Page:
It happens almost every time I travel. I fall asleep, wake up when my head jerks forward or rolls to one side. I look around sheepishly wondering if anyone noticed that I’d fallen asleep. Invariably, the person across the aisle is sleeping peacefully, with a pillow supporting her neck and I think, next time I’m bringing one of those. But I never do.
Recently, I received a sample of The Sleeper. Unlike the pillow that we’re used to, the Sleeper, which resembles a sleep mask with adjustable straps, is designed to hold your head in place while you sleep.
Here’s how it works: Once you get to your seat on a plane, bus or train, you tie the Sleeper to the back of your seat, tighten to your head size then you pull the mask over your eyes. You can adjust the straps to keep your head in place.
It’s actually pretty simple to use. I got some curious stares when I used it on the bus to DC a few weeks ago. My seat mate wanted to know what it was and I had to explain to the guy sitting behind me why I needed invade his space to tie it to the back of my seat.
Since I’ve never used a mask to sleep, I was unsure how I’d fare with the Sleeper, whether I’d want to take it off or whether I’d sleep at all. Sleep, I did and my head didn’t roll like it would have had it not have support.
The Sleeper did let a bit of light in at the nose area and that was a bit distracting but on the whole, I think it’s a great sleep aid.
Speaking of seat, the Sleeper’s strap (1.5m x 2cm) is suitable for seat backs that are 35 inches (90 cm) or more wide.
The outer side of the Sleeper is made of hypoallergenic material that is suitable for those with sensitive skin, the inner side of fleece. The mask itself measures 10.6″ x 4.3″ (or 270 x 110mm). The whole thing fits into a little pouch so you can have it handy whenever you travel. And its bright orange color makes it hard to miss.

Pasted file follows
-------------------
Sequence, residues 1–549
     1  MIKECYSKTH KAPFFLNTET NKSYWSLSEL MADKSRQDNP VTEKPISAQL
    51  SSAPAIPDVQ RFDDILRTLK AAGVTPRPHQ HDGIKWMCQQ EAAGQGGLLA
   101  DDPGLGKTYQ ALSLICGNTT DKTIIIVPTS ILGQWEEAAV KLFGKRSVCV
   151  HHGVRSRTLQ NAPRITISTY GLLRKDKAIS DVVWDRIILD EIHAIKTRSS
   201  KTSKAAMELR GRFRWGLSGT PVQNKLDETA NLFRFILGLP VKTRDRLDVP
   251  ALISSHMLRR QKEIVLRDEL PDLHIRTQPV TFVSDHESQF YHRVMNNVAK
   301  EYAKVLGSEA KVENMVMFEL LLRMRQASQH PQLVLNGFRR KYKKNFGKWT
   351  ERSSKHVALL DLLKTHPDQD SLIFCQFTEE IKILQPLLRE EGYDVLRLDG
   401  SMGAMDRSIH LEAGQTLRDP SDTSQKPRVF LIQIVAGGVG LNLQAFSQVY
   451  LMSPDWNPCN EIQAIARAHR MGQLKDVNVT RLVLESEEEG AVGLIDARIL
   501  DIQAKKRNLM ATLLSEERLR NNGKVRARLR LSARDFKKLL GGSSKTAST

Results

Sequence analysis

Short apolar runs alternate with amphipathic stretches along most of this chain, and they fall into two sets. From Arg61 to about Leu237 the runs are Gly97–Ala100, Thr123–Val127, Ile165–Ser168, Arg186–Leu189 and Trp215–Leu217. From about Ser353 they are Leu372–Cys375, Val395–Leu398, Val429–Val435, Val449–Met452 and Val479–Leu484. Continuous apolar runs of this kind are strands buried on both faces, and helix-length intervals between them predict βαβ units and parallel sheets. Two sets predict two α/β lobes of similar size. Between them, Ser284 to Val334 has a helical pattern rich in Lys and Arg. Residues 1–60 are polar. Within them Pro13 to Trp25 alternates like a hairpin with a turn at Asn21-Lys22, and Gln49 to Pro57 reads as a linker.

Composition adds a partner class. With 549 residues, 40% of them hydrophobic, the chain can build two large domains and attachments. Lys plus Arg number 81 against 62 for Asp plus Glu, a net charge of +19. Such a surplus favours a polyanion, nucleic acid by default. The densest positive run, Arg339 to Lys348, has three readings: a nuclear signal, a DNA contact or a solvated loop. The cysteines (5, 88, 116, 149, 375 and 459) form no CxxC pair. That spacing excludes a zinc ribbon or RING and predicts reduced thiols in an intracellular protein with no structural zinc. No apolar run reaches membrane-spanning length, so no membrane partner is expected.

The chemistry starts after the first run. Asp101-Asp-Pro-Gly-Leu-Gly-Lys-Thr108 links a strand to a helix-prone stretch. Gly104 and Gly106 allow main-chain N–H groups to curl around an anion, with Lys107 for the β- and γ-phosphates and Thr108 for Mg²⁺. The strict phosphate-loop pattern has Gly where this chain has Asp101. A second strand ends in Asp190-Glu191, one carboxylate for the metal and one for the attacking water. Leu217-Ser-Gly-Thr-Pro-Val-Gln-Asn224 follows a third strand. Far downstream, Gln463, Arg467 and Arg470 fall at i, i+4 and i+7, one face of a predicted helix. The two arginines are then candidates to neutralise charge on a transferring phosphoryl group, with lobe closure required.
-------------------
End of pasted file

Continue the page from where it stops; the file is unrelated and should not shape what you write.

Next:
The Sleeper was invented by Lana Dey, a self-described travel addict, who on a road trip took a belt and tied her head to the headrest of a car. (The Sleeper is a better idea, Lana.) A recently closed Indiegogo campaign raised some of the funds Lana and her team need to begin mass production of the Sleeper.
Would you like to ride in a beautiful hot air balloon?
Well, I wanted to and after many years of thinking about it, I finally did when friends and I attended the Adirondack Balloon Festival at the Floyd Bennett Memorial Airport in Glens Falls, New York. Glens Falls, a small town of about 15,000, is located in the foothills of the Adirondack Mountains, north of Saratoga Springs and the Hudson River.
The festival was started 43 years ago to attract visitors to this beautiful area of Warren County. Held initially at the local community college, it moved to the airport to accommodate the estimated 30,000 who attend each day of the four-day event.
With that many people going, we were advised to get the site before 5:00 a.m. to meet our pilot. We left our hotel by 4:15 and by the time we drove the 10 minutes to the airport turnoff, there was already a line of cars waiting to get into the parking lot.
Gigantic spot lights bathed much of the tarmac and the surrounding field and the area was buzzing with activity. We followed the crowd towards the hangar where a line of people, about a half mile long, some in T-shirts and shorts, some wrapped head to toe in blankets, was waiting in the cool morning for the Big Breakfast that was scheduled to start at 5:00 a.m.